A group of women and children collect water from a truck amidst a barren and arid landscape.
Women and children collect water the IRC is trucking into their village in Ethiopia during the drought.
Photo: Martha Tadesse for the IRC

As the impacts of climate change force people to leave their homes, those who are displaced often find it difficult to get food, housing and basic services, and otherwise meet their families’ daily needs. And when women and girls are displaced, they tend to be at greater risk of gender-based violence, including domestic violence and trafficking.

The world’s aid funding failures

Despite repeated information campaigns by activists and other organizations involved in the humanitarian field, 85 percent of Americans and 80 percent of Britons are unaware of the famine threatening East Africa. This translates into a lack of funding and, tragically, needless death.

A boy in Kenya treated by a nutritionist for malnutrition near RukRuk village in Turkana, Kenya
“Every day of inaction is a matter of life or death,” says IRC president and CEO David Miliband. “The crisis engulfing East Africa is emblematic of the failure of the international system: failure of prevention, failure of response and failure of leadership.“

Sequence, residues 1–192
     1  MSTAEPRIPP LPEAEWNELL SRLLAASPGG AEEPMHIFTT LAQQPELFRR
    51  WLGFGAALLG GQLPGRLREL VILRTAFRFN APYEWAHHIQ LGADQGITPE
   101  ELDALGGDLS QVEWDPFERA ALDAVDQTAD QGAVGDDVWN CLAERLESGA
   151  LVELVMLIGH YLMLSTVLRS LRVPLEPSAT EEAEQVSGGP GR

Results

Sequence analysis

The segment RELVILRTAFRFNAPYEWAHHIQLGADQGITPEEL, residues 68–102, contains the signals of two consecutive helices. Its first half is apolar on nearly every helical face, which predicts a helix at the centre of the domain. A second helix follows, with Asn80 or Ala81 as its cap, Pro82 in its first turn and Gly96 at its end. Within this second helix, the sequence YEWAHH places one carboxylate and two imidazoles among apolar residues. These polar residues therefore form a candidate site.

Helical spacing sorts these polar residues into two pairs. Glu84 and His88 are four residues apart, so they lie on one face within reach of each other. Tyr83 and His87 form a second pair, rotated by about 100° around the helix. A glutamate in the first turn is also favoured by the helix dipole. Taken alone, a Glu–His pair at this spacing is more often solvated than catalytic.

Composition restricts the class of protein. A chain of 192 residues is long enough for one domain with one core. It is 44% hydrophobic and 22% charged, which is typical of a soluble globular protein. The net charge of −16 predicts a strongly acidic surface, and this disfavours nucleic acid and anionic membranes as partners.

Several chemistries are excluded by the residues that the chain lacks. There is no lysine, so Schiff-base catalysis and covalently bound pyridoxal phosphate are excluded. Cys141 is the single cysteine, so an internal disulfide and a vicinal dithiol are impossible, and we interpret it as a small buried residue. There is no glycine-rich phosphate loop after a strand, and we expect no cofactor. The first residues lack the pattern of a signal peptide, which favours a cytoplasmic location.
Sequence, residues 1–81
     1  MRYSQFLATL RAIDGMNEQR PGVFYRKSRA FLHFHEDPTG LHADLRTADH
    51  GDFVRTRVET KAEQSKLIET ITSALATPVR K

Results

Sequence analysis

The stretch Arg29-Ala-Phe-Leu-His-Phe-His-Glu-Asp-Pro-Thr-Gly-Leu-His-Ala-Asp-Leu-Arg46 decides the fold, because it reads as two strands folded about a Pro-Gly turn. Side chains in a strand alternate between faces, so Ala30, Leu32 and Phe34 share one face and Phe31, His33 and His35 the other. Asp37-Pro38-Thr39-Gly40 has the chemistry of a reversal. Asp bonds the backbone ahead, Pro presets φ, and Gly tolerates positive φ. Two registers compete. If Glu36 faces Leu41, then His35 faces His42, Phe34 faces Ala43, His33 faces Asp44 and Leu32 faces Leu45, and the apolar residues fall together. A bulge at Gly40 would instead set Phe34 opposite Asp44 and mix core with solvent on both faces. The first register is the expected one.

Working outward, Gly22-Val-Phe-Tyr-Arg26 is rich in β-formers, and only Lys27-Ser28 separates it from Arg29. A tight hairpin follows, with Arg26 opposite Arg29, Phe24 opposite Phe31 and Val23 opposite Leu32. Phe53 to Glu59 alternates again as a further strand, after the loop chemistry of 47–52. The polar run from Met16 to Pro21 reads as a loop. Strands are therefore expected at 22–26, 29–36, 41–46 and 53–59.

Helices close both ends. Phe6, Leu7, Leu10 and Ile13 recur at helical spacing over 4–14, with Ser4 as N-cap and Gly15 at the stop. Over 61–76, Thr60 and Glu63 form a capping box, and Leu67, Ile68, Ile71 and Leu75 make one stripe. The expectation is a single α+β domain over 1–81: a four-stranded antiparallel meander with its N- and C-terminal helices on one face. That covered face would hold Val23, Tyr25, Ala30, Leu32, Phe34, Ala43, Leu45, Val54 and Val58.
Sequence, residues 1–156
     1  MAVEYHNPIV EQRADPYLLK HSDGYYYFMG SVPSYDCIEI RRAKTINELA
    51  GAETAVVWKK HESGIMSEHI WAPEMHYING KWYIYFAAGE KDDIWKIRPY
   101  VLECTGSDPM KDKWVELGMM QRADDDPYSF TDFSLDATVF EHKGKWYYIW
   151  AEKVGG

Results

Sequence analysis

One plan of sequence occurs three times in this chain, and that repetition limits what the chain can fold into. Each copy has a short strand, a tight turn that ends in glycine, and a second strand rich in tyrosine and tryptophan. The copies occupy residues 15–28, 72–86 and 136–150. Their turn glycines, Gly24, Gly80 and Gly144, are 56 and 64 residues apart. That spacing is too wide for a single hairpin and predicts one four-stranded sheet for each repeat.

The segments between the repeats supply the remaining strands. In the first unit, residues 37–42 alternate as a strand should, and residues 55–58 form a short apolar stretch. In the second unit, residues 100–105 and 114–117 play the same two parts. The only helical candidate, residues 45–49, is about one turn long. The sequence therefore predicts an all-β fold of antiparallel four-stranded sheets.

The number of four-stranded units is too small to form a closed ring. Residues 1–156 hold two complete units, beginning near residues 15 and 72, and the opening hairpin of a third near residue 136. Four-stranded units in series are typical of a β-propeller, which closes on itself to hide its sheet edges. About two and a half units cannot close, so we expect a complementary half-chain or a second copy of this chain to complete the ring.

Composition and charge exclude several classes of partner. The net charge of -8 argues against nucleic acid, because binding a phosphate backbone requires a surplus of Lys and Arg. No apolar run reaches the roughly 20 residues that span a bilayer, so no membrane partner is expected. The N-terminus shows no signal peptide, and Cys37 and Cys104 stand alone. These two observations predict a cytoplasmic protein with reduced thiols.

Photo: Patrick Meinhardt for the IRC

The global $685 million in drought response in East Africa seems like a large sum, but the figure represents just 38 percent of the funding needed to address humanitarian needs from May to December 2022. This failure in funding, however, is not an unsolvable crisis. In just one month, $16 billion was raised for the crisis in Ukraine, indicating that it’s not a lack of resources preventing the world from aiding East Africa but rather a lack of will.

How the IRC fights back

The IRC is calling on world leaders to take action against climate change and fully fund the humanitarian response crucial for alleviating the life-threatening conditions brought on by climate change. We advocate for investment in climate resilience and famine prevention. Our response is multidimensional. We help communities map climate hazards and develop early warning systems in order to better deal with extreme weather. The IRC also supports locally led natural resource management, water conservation and sustainable living habits.

A South Sudanese mother feeds her 1-year-old daughter in her lap nutritious peanut paste at a refugee camp in Kenya.
Judith Idiengol, 27, feeds her daughter Vanessa, 1, peanut paste provided as part of her treatment at an IRC-run nutrition center in Kakuma refugee camp, Kenya. The mother of two, whose family fled war in southern Sudan, has lived in the camp since she was just 3 years old. "The drought is affecting us ... sometimes we go to bed without eating," she says. "Still, my children make me happy and despite everything I'm able to feed them."
Photo: Patrick Meinhardt for the IRC

In recognizing that climate change and excessive heat disproportionately impact the most vulnerable, the IRC is actively engaged in the countries where humanitarian aid is most needed.

Climate change is a central concern to the IRC, and we are dedicated to responding to its impacts in the communities we serve around the globe.